A former office employee for an Ontario member of the provincial parliament says that her job was replaced with an unpaid internship and is filing a complaint with the Ministry of Labour.
This is but the tip of the iceberg of staff/labour woes at Queen's Park, and in political offices in general. While there are some truly great and empowering employers within each Party, there are also plenty of horror stories about staff working without proper equipment, direction, paid peanuts and micromanaged or bullied. It's considered part of the culture - you take your lumps because it's an honour to work for elected officials/a Political Party that many are dying for. If you can't take the heat, get out of the fire.
Yet there also happen to be countless, ongoing complaints about staff performance issues from constituents; calls not returned, files dragged or "sorry, you need to take that up with someone else" shirks of responsibility and dropped initiatives that go out the window with staff turnover. Then there's the whole occupational mental health movement, spearheaded by the Feds but also under discussion at the provincial level.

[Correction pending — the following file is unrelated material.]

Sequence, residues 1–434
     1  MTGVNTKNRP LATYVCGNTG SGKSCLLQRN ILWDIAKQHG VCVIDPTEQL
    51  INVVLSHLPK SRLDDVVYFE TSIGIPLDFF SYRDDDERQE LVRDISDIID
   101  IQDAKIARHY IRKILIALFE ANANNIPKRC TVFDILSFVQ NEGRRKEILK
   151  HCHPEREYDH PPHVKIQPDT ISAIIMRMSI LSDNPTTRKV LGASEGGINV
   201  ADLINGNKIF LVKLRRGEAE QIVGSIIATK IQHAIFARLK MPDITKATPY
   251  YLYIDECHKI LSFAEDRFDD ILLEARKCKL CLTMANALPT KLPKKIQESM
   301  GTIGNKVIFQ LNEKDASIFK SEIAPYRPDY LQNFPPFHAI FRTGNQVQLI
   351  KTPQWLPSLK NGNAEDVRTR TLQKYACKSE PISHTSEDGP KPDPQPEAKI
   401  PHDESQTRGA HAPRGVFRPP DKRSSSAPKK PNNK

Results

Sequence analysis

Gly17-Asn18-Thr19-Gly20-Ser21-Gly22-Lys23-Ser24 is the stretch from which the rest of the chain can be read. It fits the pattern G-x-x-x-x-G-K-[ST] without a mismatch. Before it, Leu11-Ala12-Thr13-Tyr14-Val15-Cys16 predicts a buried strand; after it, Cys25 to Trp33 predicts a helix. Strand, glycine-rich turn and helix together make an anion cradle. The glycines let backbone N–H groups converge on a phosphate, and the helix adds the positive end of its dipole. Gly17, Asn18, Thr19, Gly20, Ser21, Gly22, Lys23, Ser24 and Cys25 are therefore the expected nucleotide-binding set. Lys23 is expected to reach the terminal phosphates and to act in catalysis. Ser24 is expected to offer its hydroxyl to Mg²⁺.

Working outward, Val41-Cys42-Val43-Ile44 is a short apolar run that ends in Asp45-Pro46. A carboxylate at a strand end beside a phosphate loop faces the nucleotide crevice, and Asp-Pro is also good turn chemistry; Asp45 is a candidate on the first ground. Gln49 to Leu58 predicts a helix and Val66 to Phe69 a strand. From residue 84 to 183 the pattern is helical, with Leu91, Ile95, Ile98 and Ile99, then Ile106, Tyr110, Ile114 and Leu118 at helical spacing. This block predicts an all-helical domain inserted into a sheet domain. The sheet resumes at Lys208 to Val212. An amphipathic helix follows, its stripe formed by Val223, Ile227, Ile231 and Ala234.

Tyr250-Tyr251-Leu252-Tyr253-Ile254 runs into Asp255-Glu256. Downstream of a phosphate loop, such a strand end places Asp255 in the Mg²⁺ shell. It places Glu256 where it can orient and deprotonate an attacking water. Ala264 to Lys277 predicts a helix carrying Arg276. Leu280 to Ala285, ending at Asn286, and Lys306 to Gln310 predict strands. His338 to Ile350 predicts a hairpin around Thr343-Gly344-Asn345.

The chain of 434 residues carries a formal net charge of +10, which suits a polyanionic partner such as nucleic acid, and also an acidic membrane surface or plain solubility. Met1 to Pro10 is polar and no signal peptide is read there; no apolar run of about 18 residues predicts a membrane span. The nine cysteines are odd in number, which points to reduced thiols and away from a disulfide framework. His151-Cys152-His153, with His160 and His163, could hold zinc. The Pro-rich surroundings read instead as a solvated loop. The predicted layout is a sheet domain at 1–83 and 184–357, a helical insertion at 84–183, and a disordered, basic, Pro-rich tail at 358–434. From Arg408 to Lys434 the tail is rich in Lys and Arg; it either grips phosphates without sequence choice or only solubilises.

Somehow, nobody has tied these things together - yet. With a growing number of political staff issues/training needs and related scandals making headlines, there's a much bigger story brewing here that smart Political Parties will take pains to get ahead of.
Of course, doing that means thinking structurally instead of just focusing on the win - which requires a culture change that Ontario politics, or Canadian politics at large, probably isn't ready to invest in.
The time is rapidly coming when they're gonna have to.
Not that they need to listen to me; after all, it's not like I have a record of being ahead of the curve on this sort of thing.